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Science & Industry

 
 

Errors in Project Discovery

Author
Ice Astrid
Sebiestor Tribe
Minmatar Republic
#1 - 2017-07-23 17:54:45 UTC  |  Edited by: Ice Astrid
I've been, for most of this month, religiously going through steaming stacks of the transits from Project Discovery. And I mean, I've managed to incorporate Discovery in most of everything else I do to a whole new degree of multitasking that has never been seen before.

Currently, I'm at level 46 analyst, which means I've roughly completed 1600 transits.
In all that, I've found some very... let's say, "unbelievable" transits. This I say, knowing that there are almost-impossible-to-see variations, anomalies in the luminosity of all sorts, and occasional oddities.
When I say unbelievable, I mean it flat BS - and since we are apparently living in 2017 and instant-screen capture is a thing, I have a few examples saved to show.

WTF
Why?!
There is no God
Is that so?
Why would you do this to me?
Most of these transits are recurrent, which means I've seen far more than once (and I still can't spot immediately).


The point of all this?
To ask: Why? WHY does this happen?! Is it meant, MEANT to be this way? If it's a bug, it has to be squashed, if it's not, then I need to know why it keeps happening.
Altalicious
State War Academy
Caldari State
#2 - 2017-07-24 15:02:15 UTC
On a couple of those you may be finding multiple planets. Hence the fail analysis. I have had the same problem with some of the analyses too and am scratching my head on why I am getting a failure message.
James Zimmer
Vogon Innovation
Warped Intentions
#3 - 2017-07-24 22:06:58 UTC
Altalicious wrote:
On a couple of those you may be finding multiple planets. Hence the fail analysis. I have had the same problem with some of the analyses too and am scratching my head on why I am getting a failure message.


No, those are at perfectly-spaced intervals, indicating that the planet is a certain, single distance from the star. The only other possibility is that the planets are at the same distance and aligned exactly opposite from each other in their orbits. From a physics standpoint that seems extremely unlikely, maybe impossible.

Another issue I've run into is the phantom transits. I swear, there is not an appreciable change in luminosity with quite a few of these transits. I suspect the scientists that found those had some different tools they used to find them, which makes me question the value of the information that we're giving.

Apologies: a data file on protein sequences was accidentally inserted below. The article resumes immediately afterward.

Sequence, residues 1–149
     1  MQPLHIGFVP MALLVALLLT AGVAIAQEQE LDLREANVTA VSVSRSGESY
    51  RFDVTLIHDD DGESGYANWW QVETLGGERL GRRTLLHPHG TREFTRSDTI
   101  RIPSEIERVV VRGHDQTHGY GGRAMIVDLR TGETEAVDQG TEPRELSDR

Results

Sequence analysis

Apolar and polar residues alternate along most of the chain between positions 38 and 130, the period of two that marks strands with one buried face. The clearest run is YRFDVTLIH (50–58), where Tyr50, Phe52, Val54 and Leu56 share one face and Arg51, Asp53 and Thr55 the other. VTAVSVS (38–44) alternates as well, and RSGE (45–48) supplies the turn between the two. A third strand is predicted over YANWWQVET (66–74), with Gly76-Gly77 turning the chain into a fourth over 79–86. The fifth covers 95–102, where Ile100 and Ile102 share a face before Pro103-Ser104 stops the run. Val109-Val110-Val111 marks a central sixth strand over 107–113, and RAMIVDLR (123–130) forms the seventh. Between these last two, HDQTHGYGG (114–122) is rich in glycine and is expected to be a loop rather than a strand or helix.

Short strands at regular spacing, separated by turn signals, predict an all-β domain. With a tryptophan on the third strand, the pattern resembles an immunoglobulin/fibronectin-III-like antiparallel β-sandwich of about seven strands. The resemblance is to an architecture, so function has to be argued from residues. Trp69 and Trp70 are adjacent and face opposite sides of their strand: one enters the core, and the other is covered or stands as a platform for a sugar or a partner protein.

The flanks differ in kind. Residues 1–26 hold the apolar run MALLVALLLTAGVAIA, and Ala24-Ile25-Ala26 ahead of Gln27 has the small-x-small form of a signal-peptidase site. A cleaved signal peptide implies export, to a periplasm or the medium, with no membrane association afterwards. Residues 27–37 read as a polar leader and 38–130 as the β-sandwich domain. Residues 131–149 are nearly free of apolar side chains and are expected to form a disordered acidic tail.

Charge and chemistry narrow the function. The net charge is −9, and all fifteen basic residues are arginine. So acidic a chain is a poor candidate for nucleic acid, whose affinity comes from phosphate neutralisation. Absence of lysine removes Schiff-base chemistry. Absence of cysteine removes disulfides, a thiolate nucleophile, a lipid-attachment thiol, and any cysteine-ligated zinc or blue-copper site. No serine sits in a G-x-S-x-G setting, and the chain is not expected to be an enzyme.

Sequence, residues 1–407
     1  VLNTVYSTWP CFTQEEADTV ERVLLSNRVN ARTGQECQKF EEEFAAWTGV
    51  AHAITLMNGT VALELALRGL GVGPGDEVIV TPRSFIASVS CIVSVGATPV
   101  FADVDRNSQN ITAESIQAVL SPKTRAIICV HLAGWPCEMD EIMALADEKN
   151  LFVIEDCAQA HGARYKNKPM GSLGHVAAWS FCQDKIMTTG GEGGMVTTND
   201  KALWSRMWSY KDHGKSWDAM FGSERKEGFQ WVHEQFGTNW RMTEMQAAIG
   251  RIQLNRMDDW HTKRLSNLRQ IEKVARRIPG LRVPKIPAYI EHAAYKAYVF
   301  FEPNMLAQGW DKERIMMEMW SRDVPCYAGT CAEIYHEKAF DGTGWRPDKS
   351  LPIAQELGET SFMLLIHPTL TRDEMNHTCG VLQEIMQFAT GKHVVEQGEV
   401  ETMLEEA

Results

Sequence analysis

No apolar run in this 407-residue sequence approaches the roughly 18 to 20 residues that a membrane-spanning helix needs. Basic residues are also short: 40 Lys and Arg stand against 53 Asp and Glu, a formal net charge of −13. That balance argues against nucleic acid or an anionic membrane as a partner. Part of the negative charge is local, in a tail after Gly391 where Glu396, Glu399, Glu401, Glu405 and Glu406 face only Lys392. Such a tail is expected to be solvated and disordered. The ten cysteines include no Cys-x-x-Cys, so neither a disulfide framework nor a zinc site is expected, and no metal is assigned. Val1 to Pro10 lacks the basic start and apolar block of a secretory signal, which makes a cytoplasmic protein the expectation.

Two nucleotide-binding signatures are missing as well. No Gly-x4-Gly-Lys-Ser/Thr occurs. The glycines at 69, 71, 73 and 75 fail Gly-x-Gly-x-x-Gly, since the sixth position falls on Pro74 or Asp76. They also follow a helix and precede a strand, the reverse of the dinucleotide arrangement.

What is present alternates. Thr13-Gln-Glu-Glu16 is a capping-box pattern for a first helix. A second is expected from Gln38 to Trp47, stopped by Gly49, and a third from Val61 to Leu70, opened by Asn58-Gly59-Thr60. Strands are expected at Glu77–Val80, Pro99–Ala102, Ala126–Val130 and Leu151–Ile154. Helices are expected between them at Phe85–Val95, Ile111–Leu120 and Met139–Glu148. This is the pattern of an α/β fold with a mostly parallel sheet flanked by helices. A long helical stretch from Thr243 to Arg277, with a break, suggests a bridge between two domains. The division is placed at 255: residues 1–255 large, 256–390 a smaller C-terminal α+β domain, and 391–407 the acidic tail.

Ice Astrid
Sebiestor Tribe
Minmatar Republic
#4 - 2017-07-25 01:42:11 UTC  |  Edited by: Ice Astrid
I'm all too used to the "phantom transits", though I've attributed it to my unability to correctly understand completely the nuance of reading the luminosity scale.

The strange part of this, I believe, is that these are set as "approved transits".
With this I mean, at certain point you stop getting the binary correct-or-failed result, and start participating in a consensus to determine whether there's actually transits in certain scales. These aren't those "open" consensus, but their result is already defined.

This means that at some point, somebody, or some program, looked at the numbers and said "yeah, this is okay", when it doesn't seem to be the case.

Maybe I'm just thinking too hard about it.

EDIT:

Alternatively, the idea above also occurred to me. What if we are getting different captures of the same scans? - Or different scans of the same rotations. Different points of view of the same thing. It would explain a few things.
Fish Hunter
Blacksteel Mining and Manufacturing
Renaissance Federation
#5 - 2017-08-01 22:28:26 UTC
James Zimmer wrote:
Altalicious wrote:
On a couple of those you may be finding multiple planets. Hence the fail analysis. I have had the same problem with some of the analyses too and am scratching my head on why I am getting a failure message.


No, those are at perfectly-spaced intervals, indicating that the planet is a certain, single distance from the star. The only other possibility is that the planets are at the same distance and aligned exactly opposite from each other in their orbits. From a physics standpoint that seems extremely unlikely, maybe impossible.

Another issue I've run into is the phantom transits. I swear, there is not an appreciable change in luminosity with quite a few of these transits. I suspect the scientists that found those had some different tools they used to find them, which makes me question the value of the information that we're giving.


These are the ones i hate. Mark what could be a transit and it comes back with no this white noise section here is one. I stare at it for a while and there's no way we could tell that with the data we're given.
Fish Hunter
Blacksteel Mining and Manufacturing
Renaissance Federation
#6 - 2017-08-01 22:30:43 UTC
Ice Astrid wrote:
I'm all too used to the "phantom transits", though I've attributed it to my unability to correctly understand completely the nuance of reading the luminosity scale.

The strange part of this, I believe, is that these are set as "approved transits".
With this I mean, at certain point you stop getting the binary correct-or-failed result, and start participating in a consensus to determine whether there's actually transits in certain scales. These aren't those "open" consensus, but their result is already defined.

This means that at some point, somebody, or some program, looked at the numbers and said "yeah, this is okay", when it doesn't seem to be the case.

Maybe I'm just thinking too hard about it.

EDIT:

Alternatively, the idea above also occurred to me. What if we are getting different captures of the same scans? - Or different scans of the same rotations. Different points of view of the same thing. It would explain a few things.


We're seeing a mix of already analyzed data and new data. The analyzed data is for determining your accuracy.